1. MustWrite
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    MustWrite Member

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    Plot in two parts; how to make the early part work/interesting

    Discussion in 'Plot Development' started by MustWrite, Dec 13, 2015.

    I have finished the first draft of my fantasy novel and I am not sure how to clean up the first section so it is as interesting as the rest of the book, and basically how to form it into a more cohesive beast. The fantasy is one of those horse and sword era ones, but is more realistic then many I've read, no obvious magic, very logical.

    Basically the first part is where my heroine is introduced, fights to be accepted to be trained [in a very elite section of the army], and goes through her training until she 'graduates' [sorry, tired brain can't think of corect word]. The next section of the book is where she goes out into the big bad world and starts to cause all sorts of trouble :)

    Her training has its book-worthy moments, but I am unsure how much of her early years I should include. Do I paint the early bit with a really broad brush, 'her training continued, brutal, demanding, but forming her into the weapon the Queen wanted; calm, capable and extremely dangerous.' And then just pick out the best, [most full of conflict, etc.] of the scenes I have written to zoom in on? Bin the rest? I am certainly not trying to write a book-per-year blow by blow of her training, but i think i probably have way more info than others would find interesting.
    I would get feed back on the novel except its condition is too ghastly to show undressed to anyone yet. Shameful lol. I want to clean it up a bit, it all just seems too big to get my head round it all.

    Do any of you enjoy reading about warriors being trained, or is it all a bit yawn-worthy?
     
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  2. BayView
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    BayView Contributing Member Contributor

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    I'd expect it to be pretty yawn-worthy. Unless there are elements of it that are important to the larger story being told, I'd be tempted to bin it.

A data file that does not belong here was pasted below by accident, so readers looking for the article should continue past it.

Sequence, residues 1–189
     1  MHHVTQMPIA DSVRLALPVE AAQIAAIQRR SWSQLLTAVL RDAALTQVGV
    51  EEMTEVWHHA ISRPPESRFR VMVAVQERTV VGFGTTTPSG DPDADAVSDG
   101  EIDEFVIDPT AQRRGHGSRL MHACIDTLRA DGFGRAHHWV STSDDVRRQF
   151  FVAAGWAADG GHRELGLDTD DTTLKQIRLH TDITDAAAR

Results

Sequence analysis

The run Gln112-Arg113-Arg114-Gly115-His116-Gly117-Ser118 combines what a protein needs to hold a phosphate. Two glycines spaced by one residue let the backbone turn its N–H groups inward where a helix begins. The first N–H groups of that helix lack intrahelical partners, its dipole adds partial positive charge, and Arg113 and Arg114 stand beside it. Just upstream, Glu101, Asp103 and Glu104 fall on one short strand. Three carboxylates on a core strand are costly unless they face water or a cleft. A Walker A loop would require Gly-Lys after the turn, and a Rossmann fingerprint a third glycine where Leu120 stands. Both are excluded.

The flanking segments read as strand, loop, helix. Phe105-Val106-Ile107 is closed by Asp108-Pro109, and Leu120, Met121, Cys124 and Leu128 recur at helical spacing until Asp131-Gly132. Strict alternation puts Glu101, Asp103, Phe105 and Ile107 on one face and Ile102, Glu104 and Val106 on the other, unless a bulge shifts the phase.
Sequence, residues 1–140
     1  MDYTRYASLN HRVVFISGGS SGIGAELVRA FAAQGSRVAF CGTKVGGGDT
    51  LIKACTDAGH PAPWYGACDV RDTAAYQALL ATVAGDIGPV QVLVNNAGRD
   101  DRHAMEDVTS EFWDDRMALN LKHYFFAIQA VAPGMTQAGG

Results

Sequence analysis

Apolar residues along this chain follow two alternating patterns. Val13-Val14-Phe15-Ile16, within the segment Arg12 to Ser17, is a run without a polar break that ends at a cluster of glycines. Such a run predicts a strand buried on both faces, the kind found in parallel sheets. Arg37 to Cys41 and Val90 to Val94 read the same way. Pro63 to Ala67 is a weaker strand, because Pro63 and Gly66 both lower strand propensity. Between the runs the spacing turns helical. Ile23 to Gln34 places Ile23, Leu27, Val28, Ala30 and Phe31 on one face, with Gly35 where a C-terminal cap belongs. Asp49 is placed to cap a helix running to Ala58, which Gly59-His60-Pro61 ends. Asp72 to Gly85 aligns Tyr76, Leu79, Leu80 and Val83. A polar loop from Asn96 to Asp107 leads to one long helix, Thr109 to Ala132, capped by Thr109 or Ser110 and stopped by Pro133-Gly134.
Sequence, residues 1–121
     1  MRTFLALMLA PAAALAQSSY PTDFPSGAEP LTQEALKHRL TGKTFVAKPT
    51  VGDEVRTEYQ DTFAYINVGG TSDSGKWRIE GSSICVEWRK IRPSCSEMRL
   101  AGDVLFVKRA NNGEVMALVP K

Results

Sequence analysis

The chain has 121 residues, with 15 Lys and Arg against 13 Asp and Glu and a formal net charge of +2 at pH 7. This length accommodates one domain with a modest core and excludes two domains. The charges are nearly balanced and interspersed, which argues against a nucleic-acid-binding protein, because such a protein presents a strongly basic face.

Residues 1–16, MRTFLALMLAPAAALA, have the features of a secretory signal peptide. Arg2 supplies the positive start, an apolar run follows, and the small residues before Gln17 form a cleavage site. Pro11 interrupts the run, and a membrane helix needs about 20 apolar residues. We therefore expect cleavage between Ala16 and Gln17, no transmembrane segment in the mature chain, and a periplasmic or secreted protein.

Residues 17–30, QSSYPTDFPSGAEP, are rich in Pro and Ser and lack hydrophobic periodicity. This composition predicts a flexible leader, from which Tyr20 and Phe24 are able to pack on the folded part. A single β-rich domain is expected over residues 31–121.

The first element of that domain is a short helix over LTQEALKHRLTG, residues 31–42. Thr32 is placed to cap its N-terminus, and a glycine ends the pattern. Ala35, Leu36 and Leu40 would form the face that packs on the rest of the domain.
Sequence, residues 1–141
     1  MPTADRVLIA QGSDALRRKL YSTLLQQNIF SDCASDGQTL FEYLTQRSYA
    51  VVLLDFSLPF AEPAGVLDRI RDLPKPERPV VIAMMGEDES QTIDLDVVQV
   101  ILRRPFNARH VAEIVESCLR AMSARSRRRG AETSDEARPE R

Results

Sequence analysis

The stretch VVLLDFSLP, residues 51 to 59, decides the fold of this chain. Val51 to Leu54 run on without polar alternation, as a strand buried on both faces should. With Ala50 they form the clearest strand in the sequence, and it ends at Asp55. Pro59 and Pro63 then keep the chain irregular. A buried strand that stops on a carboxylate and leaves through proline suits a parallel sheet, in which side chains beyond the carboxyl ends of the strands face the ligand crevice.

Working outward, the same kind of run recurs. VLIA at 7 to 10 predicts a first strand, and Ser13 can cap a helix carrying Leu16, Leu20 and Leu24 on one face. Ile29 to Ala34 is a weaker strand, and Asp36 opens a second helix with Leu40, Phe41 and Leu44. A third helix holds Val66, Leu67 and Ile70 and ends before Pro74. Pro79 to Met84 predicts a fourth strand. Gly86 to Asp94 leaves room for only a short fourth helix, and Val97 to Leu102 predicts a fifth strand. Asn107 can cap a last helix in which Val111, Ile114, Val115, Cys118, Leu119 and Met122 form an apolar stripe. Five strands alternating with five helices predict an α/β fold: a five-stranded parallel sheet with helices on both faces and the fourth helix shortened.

If you just have a few bits that are really good/important, you could insert them into the main narrative, either as flashbacks or stories being told by characters?
     
  3. jannert
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    jannert Contributing Member Supporter Contributor

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    If the training is only important to get her 'ready' for the main story, then I'd classify what you've written about it thus far as background material. Stuff that you know, and stuff that you can mention as the 'real' story gets underway. Not every novel has to start with the Dickensian "I was born, and then I went to school..." trope.

    A good friend of mine, and a fellow writer, said this the other day, about his own novel which is a WIP. "I decided to read through what I'd written until I came to the first sentence the story couldn't do without. That became my beginning, instead of the one I'd originally written." It turned out the conclusion to his 'beginning' was important, not how his characters got there. You might apply this technique to your own story.

    Don't look upon what you've written thus far as a waste of time. It wasn't. It has grounded you firmly in how your character got to be the way she is. However, your readers don't necessarily need to watch this process unfold through every stage. Start with how she is now, and send her out on her adventures. The background detail can be dropped in, as needed. If, however, there is one particular incident that was extraordinarily important in her early life, you could do a prologue depicting that one incident. This is also a time-honoured way to present a story like this. But it needs to be a pivotal incident to warrant a prologue. Do be careful not to make your prologue into a boring info-dump. Use it as a way to launch your story in a specific direction instead.
     
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